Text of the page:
Week old infant weighing 430 grams,
Authors Aneta Meszko and Marcin Meszko (CC BY-SA 3.0 Unported)
WARNING: Graphic Images
“In America, a baby is born dependent on opioids every 19 minutes [1A]”.
In the past ten years, over 130,000 children in the United States have been born with drug dependency inherited from a mother on heroin, methamphetamine, or opioids [1B].
Called Neonatal Abstinence Syndrome, this dependency causes poor feeding and suck reflex, with slow weight gain; vomiting; diarrhea; sweating; muscle cramps, seizures, and twitching; irritability; sleep problems; yawning, stuffy nose, and sneezing; along with shortness of breath .
Infants, in other words, experience many of the same withdrawal symptoms their mothers do . They cry inconsolably from the pain.
While one study found that pre-natal drug exposure was not associated with increased mortality, it did find significantly higher mortality rates among low birth weight infants positive for cocaine and opiates .
Lack of Care
“In one case, a baby in Oklahoma died after her mother, high on methamphetamine and opioids, put the 10-day-old girl in a washing machine with a load of dirty laundry [1C].”
The risk to addicted newborns does not stop there. Infants all too often die after being released home to mothers struggling with drug addiction.
Reuters has identified at least 110 such cases [1D]. More than 40 infants suffocated. Another 13 died after swallowing fatal doses of heroin, methadone, oxycodone, and other opioids.
In three-quarters of these cases, the mother was implicated in her child’s death; in other instances, a boyfriend, husband, or other relative was responsible [1E].
For those addicted infants who do survive, health and developmental problems are in store. The long-term effects of Neonatal Abstinence Syndrome can include hearing and vision difficulties, as well as learning and behavioral issues.
Keeping Children Safe
“A mother who abuses methadone or other legal opioids can be just as dangerous to her newborn as a parent high on heroin [1F].”
The federal Keeping Children and Families Safe Act (2003) urges states to protect drug addicted infants. In theory, health care providers alert child protective services. Social workers then take measures to keep newborns safe after their discharge from hospital.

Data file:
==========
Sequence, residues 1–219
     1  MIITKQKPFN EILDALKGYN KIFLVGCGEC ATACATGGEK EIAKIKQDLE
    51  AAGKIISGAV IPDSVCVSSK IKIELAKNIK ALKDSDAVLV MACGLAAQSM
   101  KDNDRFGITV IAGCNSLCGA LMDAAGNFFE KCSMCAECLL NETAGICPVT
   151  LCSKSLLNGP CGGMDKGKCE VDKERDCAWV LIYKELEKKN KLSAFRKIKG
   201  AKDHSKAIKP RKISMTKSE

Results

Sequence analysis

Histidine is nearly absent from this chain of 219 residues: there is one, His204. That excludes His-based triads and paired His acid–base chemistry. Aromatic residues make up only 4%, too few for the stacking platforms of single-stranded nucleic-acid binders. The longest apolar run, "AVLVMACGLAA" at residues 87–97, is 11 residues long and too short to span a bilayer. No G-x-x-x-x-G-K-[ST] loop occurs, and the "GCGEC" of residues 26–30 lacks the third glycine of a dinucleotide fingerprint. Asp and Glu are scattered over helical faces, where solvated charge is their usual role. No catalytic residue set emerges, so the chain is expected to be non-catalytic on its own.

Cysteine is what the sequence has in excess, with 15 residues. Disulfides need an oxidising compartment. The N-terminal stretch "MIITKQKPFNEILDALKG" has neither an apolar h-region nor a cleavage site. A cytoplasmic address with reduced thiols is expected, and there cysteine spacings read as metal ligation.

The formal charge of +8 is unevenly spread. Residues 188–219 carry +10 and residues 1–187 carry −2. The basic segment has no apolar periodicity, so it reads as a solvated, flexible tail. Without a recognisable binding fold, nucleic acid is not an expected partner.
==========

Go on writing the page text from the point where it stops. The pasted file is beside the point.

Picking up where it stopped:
Unfortunately, most states are not in compliance.
In an effort to relieve health care providers from liability, at least 36 states have policies which do not require physicians to report each case. Many states do not require reporting if the mother is taking methadone, pain medication, or other narcotics prescribed by her physician.
Because so many drug addicted infants go unreported, no one knows precisely how many children are killed or injured by addicted parents [1G].
[1A – 1G] Reuters, “Helpless and Hooked” by Duff Wilson and John Shiffman, 12/7/15, https://www.reuters.com/investigates/special-report/baby-opioids/.
 March of Dimes, “Neonatal Abstinence Syndrome (NAS)”, https://www.marchofdimes.org/complications/neonatal-abstinence-syndrome-(nas).aspx.
 Wikipedia, “Neonatal withdrawal”, https://en.wikipedia.org/wiki/Neonatal_withdrawal.
 American Addiction Centers, “Drug Withdrawals Symptoms, Timelines, and Treatment” by Amelia Sharp, 9/3/20, https://americanaddictioncenters.org/withdrawal-timelines-treatments.
 Pediatrics, “Mortality Within the First 2 Years in Infants Exposed to Cocaine, Opiate, or Cannabinoid During Gestation” by Enrique Ostrea et al, July 1997, https://pediatrics.aappublications.org/content/100/1/79.
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